Nearly a decade ago, as the U.S. economy went into a tailspin, Jennifer Jones decided to shake up her career.
She’d worked for many years as a photojournalist, and had also operated an import clothing business with her husband. But the Great Recession gave her the opportunity to make a change — and at the age of 50, she was ready for a new challenge.
“I knew that I wanted to go into a different field and take a different path, but I didn't quite know how to do that,” Jennifer said. “I didn't really want to have to pursue another four-year degree.”
That’s when she discovered the certificate programs offered by the University of Washington, programs that would ultimately change her life.
In Her Own Words
Jennifer Jones explains how what she learned in two UW certificate programs — one in filmmaking, the other in gerontology — helped her make a difference in the lives of older adults.
Play learning to tell Visual Stories
Jennifer already understood the vital role that images play in telling complex stories. And she also realized that, as she noted, “in today’s media, video is everything.”
In order to move from taking photos to making movies, Jennifer decided to enroll in the UW certificate program in independent filmmaking, now known as the
Certificate in Film & Video Production.
“The program’s instructors were professionals who actually worked in the field, Emmy Award winners,” she said. “We learned extremely technical video editing tools. It was the real deal.”
She completed a short documentary film during the program about flooding in a small town in northern Washington, and later made two other documentaries on environmental subjects. But something still wasn’t quite right with her career.
Finding Her True Calling
Another turning point in Jennifer’s life came when she began caring for her widowed mother, who was struggling with grief and depression. In the process, Jennifer found herself drawn to a new field.
“Helping my mom introduced me to the challenges of aging adults, and the support that they need,” she noted. “I became very curious about that as a career path. I knew a woman who was a geriatric care manager, and she invited me to help her. I began working with elders one on one.”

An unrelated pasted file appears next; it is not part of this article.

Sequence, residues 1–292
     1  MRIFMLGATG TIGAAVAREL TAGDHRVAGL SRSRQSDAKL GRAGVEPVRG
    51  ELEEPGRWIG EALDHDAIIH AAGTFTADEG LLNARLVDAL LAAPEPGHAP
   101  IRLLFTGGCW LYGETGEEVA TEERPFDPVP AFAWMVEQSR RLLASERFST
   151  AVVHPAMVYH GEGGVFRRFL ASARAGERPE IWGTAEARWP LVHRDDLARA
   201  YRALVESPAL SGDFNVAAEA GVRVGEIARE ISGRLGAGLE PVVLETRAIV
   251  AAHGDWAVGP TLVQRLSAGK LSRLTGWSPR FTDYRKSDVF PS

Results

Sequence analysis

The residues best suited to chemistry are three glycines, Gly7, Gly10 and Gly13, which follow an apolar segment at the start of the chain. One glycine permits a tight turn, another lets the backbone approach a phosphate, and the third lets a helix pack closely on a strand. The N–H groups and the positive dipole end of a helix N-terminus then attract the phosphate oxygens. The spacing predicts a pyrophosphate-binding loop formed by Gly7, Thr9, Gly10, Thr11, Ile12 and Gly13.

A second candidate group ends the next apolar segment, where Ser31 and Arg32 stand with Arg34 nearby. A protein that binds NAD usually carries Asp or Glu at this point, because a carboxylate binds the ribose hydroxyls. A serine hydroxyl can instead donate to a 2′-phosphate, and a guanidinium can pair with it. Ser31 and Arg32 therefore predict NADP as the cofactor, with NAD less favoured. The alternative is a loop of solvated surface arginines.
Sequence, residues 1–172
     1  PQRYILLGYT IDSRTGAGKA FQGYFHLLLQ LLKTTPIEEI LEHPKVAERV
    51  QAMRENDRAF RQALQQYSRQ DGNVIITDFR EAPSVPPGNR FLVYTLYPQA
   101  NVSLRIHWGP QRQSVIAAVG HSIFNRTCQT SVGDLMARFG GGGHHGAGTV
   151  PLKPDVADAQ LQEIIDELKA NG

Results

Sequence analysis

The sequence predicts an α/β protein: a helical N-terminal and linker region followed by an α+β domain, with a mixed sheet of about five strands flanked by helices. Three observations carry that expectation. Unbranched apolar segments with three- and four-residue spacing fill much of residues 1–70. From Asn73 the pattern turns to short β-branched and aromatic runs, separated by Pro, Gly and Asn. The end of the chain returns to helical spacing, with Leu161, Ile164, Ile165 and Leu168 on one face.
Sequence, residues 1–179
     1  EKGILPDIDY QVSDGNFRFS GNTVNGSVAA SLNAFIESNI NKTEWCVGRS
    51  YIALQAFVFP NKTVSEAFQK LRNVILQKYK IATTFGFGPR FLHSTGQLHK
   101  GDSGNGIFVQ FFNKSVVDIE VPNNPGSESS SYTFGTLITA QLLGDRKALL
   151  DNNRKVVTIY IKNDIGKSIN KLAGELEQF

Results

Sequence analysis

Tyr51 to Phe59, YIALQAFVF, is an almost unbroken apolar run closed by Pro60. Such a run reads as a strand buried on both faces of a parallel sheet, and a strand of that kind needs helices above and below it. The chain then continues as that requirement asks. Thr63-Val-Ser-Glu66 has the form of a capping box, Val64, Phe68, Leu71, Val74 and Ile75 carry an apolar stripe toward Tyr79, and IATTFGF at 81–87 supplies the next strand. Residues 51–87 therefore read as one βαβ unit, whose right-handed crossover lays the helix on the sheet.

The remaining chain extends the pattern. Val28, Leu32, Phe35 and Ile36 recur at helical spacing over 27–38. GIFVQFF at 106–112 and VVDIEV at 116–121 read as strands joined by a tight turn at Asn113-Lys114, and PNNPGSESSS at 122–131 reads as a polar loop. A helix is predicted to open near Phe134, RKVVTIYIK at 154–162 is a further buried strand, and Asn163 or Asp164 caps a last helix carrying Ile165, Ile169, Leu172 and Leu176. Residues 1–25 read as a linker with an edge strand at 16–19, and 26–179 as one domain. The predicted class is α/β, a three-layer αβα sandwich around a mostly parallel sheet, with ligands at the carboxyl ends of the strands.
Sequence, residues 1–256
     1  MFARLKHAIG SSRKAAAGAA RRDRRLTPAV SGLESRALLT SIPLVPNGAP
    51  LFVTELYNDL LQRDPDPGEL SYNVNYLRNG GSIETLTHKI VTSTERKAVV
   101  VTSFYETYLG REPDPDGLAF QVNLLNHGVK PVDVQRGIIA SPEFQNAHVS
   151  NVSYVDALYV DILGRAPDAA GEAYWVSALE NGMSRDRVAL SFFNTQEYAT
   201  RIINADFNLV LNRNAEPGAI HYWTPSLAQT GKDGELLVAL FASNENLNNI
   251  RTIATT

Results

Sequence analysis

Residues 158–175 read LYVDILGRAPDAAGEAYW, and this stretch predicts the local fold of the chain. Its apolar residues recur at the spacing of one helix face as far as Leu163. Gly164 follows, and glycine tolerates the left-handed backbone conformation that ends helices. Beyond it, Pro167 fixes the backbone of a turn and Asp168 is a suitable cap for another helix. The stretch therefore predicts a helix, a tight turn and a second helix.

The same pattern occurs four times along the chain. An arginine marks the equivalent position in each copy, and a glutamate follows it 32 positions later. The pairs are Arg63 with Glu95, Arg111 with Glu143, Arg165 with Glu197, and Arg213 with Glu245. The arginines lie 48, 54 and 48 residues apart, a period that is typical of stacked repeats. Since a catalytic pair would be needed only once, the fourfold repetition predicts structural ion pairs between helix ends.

I knew that I wanted to go into a different field and take a different path, but I didn't quite know how to do that.
But she felt like she didn’t have the essential, baseline knowledge she needed to make a full transition to this new profession. So she began exploring her options for further education.
“I really wanted to know more — I wanted an academic background in this,” Jennifer said. “I needed to understand the processes of aging and get a much more comprehensive knowledge base.”
education That Opens Doors
So Jennifer turned again to the UW, this time enrolling in the
Certificate in Gerontology program. Once more, the experience paid big dividends in both information and inspiration.
“We studied the biology, psychology and sociology of aging, as well as the current issues related to aging,” she recalled. “It was wonderful, comprehensive knowledge, and I think it gave me so much more confidence that I had the skills to be able to help people. At the age of 55, I was able to go back to school and learn new things, and that was powerful.”
Earning the certificate also helped her understand what good care can do for older adults, a population that is growing at an exponential rate today.
“The gerontology program opened up a vision of the future for me,” she noted. “I could see that this is what healthy aging can look like. It was a revelation, and it’s opened so many doors.”
Jennifer eventually launched her own business, Conscious Aging Eldercare, and now makes her living working with many different clients on their physical and cognitive issues.
“I have eight different clients right now,” she explained. “I visit them once a week and I do different things for them — take them on outings and help them with projects and other organizational things. Using the tools that I gained from the program has allowed me to do this incredibly rewarding work.”
Combining Her Passions
About five years ago, Jennifer found a great way to meld her gerontology and filmmaking backgrounds. That’s when she joined a workshop led Trudy James, a former hospital chaplain who has dedicated her life to issues surrounding death and dying.
After completing the class, Jennifer mentioned that she was also a filmmaker. Trudy said she’d been thinking about making a documentary about the workshops and the overall topic. A partnership was born.
“I spent two years working with Trudy to create the film
,” Jennifer said. “It’s a short, educational movie that helps people engage with the idea of planning for a good life ending.” Speaking of Dying
The film has since been shown over 500 times to audiences around the country, generating demand for the workshops and sparking countless meaningful conversations among families about end-of-life plans and desires. Jennifer has even become a trained workshop facilitator herself.
Ultimately, completing the two UW certificate programs gave Jennifer the confidence and ability to remake her professional life — and to make a difference in the lives of others.
“I feel so fortunate that these programs were available. It changed everything for me,” she concluded. “The other day, a client who was grappling with the recent loss of her husband looked at me and said, ‘Thank you, Jennifer. You’ve given me courage.’ There’s nothing better than that.”